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Income InequalityEconomic Disparities and the Middle Class in Affluent Countries$
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Janet C. Gornick and Markus Jantti

Print publication date: 2013

Print ISBN-13: 9780804778244

Published to Stanford Scholarship Online: January 2014

DOI: 10.11126/stanford/9780804778244.001.0001

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Has Rising Inequality Reduced Middle-Class Income Growth?

Has Rising Inequality Reduced Middle-Class Income Growth?

(p.101) Chapter Three Has Rising Inequality Reduced Middle-Class Income Growth?
Income Inequality

Lane Kenwortby

Stanford University Press

A rise in the income share of the top 1 percent is likely to come at least partly at the expense of those in the middle, resulting in slower growth of absolute incomes for middle-class households. Developments in the United States in recent decades are consistent with this hypothesis, but does it hold across countries? The experience of the world's rich democracies from the late 1970s to the mid-2000s suggests that rising top-heavy income inequality has indeed tended to reduce middle-class income growth. But it also suggests that inequality's impact is sometimes offset or overshadowed by economic growth and government transfers.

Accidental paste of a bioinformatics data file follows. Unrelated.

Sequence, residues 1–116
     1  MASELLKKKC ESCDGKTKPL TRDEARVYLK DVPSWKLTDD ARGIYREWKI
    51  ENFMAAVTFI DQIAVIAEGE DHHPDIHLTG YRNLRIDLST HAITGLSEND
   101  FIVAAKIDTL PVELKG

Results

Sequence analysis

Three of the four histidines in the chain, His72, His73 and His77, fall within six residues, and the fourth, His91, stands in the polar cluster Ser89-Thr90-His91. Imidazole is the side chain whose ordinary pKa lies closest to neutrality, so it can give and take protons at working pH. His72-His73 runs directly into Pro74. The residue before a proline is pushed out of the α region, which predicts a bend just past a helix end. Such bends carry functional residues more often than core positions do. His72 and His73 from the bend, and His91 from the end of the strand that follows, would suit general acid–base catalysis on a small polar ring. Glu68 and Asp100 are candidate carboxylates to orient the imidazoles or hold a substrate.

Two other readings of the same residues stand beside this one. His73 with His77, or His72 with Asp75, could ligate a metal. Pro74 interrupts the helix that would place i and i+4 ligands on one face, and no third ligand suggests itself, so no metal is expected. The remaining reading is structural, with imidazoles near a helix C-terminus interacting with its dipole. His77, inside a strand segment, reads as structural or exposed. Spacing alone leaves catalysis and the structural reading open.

Keywords:   inequality, income growth, middle class, top 1 percent, comparative, Luxembourg Income Study

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